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Birthday of the Head of State, Sultan Qaboos bin Said Al Said

Oman, country occupying the southeastern coast of the Arabian Peninsula at the confluence of the Persian Gulf and Arabian Sea. Much of the country’s interior falls within the sandy, treeless, and largely waterless region of the Arabian Peninsula known as the Rubʿ al-Khali. The region is still the domain of Bedouin nomads, although today it is also crisscrossed by oil and gas pipelines. In contrast to the stark interior, the coastal regions are much more hospitable. Oman’s lush northern coast lies between the sea and inland mountains. This verdant, fertile region is known for its grapes and other produce, as is the Dhofar region in the country’s south. The capital, Muscat, lies along the northern coast. Blending modern and traditional architecture, the city commands a view of the Gulf of Oman and serves as a port and commercial centre. Renowned in ancient times for its frankincense and metalworking, Oman occupies a strategically important location, for which it has long been a prize for empire builders. In the 16th century Muscat was seized by Portugal, which held the city until 1650. During the 18th century the Āl Bū Saʿīd dynasty expelled a Persian occupation and established Omani control over much of the Persian Gulf. The Āl Bū Saʿīd weathered much political turbulence but preserved its hold on power into the 21st century—largely by maintaining close relations with the United Kingdom—but the dynasty was slow to open the country to innovation. Significant modernization did not begin until after the coup in 1970 that brought Qaboos bin Said (Qābūs ibn Saʿīd) to power, at which point Oman rapidly began to develop an advanced economy. The once insular country now actively encourages tourism, and travelers come from afar to enjoy its hospitality and unspoiled landscapes. Land Slightly smaller in area than the country of Poland, Oman is bounded to the southwest by Yemen, to the south and east by the Arabian Sea, to the north by the Gulf of Oman, to the northwest by the United Arab Emirates, and to the west by Saudi Arabia. A small exclave, the Ruʾūs al-Jibāl (“the Mountaintops”), occupies the northern tip of the Musandam Peninsula at the Strait of Hormuz; this territory gives Oman its only frontage on the Persian Gulf. Its offshore territories include Maṣīrah Island to the east and Al-Ḥallāniyyah Island (the largest of the five Khuriyyā Muriyyā Islands) 25 miles (40 km) off the south coast. Relief Northern Oman is dominated by three physiographic zones. The long, narrow coastal plain known as Al-Bāṭinah stretches along the Gulf of Oman. The high, rugged Ḥajar Mountains extend southeastward, parallel to the gulf coast, from the Musandam Peninsula to a point near Cape al-Ḥadd at the easternmost tip of the Arabian Peninsula. Much of the range reaches elevations above 4,800 feet (1,463 metres); Mount Shams (“Sun Mountain”), at an elevation of 9,777 feet (2,980 metres), is the country’s highest point. The great central divide of Wadi Samāʾil separates the Ḥajar into a western and an eastern range. An inland plateau falls away to the southwest of the Ḥajar Mountains into the great Rubʿ al-Khali (“Empty Quarter”) desert, which the sultanate shares with Saudi Arabia and Yemen. These zones can be further subdivided into several unofficial regions: Al-Bāṭinah; the mountains and associated valleys of the Eastern Ḥajar and Western Ḥajar ranges; the Oman interior area, or Al-Jaww (the central foothills and valleys on the inland side of the Ḥajar Mountains and the historic heartland of Oman); Al-Ẓāhirah (the semidesert plain west of the interior Oman area, next to the United Arab Emirates, including Al-Buraimi oasis); Al-Sharqiyyah (sandy plains lying east of interior Oman behind the Ḥajar Mountains); and Jaʿlān (fronting the Arabian Sea south of Cape al-Ḥadd). The southern region of Dhofar (Ẓufār) is separated from the rest of Oman by several hundred miles of open desert. Dhofar’s coastal plain is fertile alluvial soil, well watered by the southwest monsoon. Wooded mountain ranges, rising to about 5,000 feet (1,500 metres), form a crescent there behind a long, narrow coastal plain, on which the provincial capital of Ṣalālah is located. Behind the mountains, gravel plains gradually merge northward into the Rubʿ al-Khali. Drainage There are no permanent bodies of fresh water in the country. Intermittent streams are a product of seasonal storms and generally abate quickly. Some effort has been made in recent years to construct dams in an effort to preserve runoff and control flooding. Climate The climate is hot and dry in the interior and hot and humid along the coast. Summer temperatures in the capital of Muscat and other coastal locations often climb to 110° F (43° C), with high humidity; winters are mild, with lows averaging about 63° F (17° C). Temperatures are similar in the interior, although they are more moderate at higher elevations. Dhofar is dominated by the summer monsoon, making Ṣalālah’s climate more temperate than that of northern Oman. Rainfall throughout the country is minimal, averaging only about 4 inches (100 mm) per year, although precipitation in the mountains is heavier. Plant and animal life Because of the low precipitation, vegetation is sparse except where there is irrigation, which is provided by an ancient system of water channels known as aflāj (singular: falaj). The channels often run underground and originate in wells near mountain bases. The aflāj collectively were designated a UNESCO World Heritage site in 2006. Acacia trees form most of what little natural vegetation exists, and the soil is extremely rocky; plant species are protected in nature preserves. The government also protects rare animal species, such as the Arabian oryx, Arabian leopard, mountain goat, and loggerhead turtle. Oman’s birdlife is extraordinarily diverse and includes such species as the glossy ibis, Egyptian vulture, Barbary falcon, and Socotra cormorant. People - Ethnic groups More than half of Oman’s population is Arab. However, large numbers of ethnic Baloch—who migrated to Oman from Iran and Pakistan over the past several centuries—live near the coast in Al-Bāṭinah. The Muscat-Maṭraḥ urban area has long been home to significant numbers of ethnic Persians and to merchants of South Asian ancestry, some of whom also live along Al-Bāṭinah. Notable among the latter are the Liwātiyyah, who originally came from Sindh (now in Pakistan) but have lived in Oman for centuries. Several large Arab groups predominate along Dhofar’s coastal plain. The inhabitants of the Dhofar mountains are known as jibālīs, or “people of the mountains.” They are ethnically distinct from the coastal Arabs and are thought to be descendants of people from the Yemen highlands. Languages Arabic is the official language, and Modern Standard Arabic is taught in schools. In addition, a number of dialects of vernacular Arabic are spoken, some of which are similar to those spoken in other Persian Gulf states but many of which are not mutually intelligible with those of adjacent regions. The jibālīs, for example, speak older dialects of South Arabic. These differ greatly from most other dialects, which are derived from North Arabic (as is Modern Standard Arabic). English, Persian, and Urdu are also spoken, and there are a number of Swahili-speaking Omanis born in Zanzibar and elsewhere in East Africa who returned to Oman after 1970. Various South Asian languages are also spoken. More … Score: https://www.britannica.com/place/Oman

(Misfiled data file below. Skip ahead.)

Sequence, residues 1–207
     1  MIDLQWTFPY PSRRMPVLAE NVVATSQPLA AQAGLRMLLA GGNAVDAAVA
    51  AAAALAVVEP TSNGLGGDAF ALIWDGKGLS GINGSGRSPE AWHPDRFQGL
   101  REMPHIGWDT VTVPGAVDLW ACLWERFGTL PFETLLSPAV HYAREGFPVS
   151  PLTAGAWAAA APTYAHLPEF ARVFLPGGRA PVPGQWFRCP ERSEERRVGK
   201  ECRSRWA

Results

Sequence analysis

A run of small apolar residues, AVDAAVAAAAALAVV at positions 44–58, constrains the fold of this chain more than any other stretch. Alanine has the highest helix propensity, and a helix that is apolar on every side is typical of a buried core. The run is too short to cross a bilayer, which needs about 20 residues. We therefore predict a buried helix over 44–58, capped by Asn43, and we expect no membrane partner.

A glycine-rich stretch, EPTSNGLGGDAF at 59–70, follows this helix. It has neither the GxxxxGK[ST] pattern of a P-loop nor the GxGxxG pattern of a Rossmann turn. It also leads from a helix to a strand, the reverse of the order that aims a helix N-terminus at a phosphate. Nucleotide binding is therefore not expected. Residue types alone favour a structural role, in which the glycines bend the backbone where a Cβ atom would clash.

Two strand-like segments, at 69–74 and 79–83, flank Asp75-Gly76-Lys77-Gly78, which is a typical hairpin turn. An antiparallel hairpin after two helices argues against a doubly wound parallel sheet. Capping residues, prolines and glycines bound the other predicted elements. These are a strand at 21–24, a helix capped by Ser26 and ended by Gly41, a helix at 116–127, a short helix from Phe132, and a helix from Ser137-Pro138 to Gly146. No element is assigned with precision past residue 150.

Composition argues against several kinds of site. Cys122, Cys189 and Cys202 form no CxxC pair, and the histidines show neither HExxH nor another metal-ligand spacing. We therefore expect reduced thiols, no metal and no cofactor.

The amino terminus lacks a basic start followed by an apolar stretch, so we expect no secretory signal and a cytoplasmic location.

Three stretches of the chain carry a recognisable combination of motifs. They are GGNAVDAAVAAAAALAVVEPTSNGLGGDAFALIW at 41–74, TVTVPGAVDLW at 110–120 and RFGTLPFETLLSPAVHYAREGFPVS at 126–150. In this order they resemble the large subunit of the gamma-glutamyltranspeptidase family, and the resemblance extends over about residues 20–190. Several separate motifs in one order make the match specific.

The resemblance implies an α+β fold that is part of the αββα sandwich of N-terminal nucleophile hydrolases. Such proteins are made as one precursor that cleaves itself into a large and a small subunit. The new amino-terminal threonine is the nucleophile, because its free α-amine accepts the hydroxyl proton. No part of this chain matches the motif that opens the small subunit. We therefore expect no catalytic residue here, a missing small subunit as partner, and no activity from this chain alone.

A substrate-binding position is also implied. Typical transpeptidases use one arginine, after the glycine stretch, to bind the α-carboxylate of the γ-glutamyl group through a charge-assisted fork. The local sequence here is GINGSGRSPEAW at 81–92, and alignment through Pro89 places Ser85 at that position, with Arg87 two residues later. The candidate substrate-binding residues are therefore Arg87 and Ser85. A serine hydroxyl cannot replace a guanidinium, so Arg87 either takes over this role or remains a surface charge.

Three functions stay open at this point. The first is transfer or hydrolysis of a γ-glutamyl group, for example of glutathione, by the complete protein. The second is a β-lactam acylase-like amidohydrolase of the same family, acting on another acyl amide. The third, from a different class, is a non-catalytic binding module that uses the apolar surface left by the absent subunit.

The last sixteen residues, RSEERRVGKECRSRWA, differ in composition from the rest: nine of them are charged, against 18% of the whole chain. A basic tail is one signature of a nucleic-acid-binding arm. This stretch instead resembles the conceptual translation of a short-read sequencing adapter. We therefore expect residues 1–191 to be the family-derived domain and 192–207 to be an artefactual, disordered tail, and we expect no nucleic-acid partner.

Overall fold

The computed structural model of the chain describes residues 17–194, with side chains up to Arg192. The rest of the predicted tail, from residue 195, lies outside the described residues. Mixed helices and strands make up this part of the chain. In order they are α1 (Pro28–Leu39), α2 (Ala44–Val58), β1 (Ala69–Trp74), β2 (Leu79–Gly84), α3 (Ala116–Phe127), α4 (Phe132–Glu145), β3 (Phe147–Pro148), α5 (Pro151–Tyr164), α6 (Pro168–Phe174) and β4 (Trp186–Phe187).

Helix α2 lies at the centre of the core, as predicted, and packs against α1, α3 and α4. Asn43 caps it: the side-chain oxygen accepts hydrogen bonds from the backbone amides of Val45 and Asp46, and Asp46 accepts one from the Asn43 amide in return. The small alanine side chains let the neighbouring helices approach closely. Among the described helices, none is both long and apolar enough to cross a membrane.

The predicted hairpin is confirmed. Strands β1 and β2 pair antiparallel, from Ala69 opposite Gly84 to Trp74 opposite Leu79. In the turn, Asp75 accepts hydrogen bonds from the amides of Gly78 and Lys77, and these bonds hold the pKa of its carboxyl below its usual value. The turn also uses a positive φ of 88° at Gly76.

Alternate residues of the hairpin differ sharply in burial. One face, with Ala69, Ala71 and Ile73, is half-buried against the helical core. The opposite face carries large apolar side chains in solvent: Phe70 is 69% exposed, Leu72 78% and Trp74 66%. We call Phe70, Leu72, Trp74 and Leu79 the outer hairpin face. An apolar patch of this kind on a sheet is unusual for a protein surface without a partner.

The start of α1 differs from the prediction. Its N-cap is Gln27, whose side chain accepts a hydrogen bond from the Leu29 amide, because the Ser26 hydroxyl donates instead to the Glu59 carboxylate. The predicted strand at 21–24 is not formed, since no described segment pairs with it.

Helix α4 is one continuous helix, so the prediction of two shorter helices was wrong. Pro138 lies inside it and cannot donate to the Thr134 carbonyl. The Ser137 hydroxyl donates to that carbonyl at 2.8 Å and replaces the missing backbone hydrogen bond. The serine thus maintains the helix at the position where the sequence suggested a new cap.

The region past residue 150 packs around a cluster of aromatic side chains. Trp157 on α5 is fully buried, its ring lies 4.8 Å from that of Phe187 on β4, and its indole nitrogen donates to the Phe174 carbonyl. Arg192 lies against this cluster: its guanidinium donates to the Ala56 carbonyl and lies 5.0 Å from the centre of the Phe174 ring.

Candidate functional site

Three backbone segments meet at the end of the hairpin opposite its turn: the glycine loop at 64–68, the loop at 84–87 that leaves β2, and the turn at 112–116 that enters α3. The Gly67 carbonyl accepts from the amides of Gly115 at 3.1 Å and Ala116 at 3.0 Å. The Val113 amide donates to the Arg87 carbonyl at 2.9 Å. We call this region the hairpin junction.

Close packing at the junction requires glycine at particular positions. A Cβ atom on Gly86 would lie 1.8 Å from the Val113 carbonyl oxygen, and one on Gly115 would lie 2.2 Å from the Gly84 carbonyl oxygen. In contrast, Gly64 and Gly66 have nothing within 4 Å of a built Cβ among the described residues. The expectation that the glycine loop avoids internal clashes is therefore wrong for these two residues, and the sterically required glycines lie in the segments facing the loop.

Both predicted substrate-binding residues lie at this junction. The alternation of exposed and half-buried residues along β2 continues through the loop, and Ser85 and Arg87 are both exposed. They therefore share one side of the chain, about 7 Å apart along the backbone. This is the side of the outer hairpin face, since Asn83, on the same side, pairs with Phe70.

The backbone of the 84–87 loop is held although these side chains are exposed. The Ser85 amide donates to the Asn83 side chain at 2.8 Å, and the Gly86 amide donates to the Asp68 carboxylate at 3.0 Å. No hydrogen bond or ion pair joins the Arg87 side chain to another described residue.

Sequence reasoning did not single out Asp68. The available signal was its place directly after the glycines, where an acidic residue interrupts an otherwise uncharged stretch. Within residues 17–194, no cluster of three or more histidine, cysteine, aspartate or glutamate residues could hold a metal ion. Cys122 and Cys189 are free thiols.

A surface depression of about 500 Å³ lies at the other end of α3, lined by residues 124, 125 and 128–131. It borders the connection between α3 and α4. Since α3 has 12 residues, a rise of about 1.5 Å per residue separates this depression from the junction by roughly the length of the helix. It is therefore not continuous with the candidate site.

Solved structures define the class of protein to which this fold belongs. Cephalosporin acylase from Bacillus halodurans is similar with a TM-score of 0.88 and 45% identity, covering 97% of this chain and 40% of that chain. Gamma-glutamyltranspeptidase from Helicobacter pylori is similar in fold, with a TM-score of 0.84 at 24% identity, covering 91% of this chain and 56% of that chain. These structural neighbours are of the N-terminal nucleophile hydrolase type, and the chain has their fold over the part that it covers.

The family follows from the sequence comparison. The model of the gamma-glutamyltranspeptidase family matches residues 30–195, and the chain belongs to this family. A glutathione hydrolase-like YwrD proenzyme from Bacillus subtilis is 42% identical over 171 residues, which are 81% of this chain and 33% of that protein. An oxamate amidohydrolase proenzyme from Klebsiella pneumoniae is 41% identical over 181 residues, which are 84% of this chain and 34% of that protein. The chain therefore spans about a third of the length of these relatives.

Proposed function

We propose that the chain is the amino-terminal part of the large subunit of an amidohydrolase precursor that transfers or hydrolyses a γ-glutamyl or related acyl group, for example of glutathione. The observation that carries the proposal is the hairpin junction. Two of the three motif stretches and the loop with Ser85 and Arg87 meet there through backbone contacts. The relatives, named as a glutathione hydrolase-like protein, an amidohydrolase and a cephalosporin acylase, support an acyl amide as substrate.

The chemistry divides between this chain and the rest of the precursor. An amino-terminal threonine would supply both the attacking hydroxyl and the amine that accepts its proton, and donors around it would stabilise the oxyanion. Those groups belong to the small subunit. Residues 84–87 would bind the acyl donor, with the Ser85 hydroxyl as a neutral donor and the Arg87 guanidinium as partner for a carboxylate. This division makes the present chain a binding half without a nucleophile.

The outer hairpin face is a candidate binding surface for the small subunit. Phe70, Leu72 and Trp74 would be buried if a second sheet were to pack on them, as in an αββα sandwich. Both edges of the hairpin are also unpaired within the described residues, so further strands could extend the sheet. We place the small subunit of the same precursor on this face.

Birthday of the Head of State, Sultan Qaboos bin Said Al Said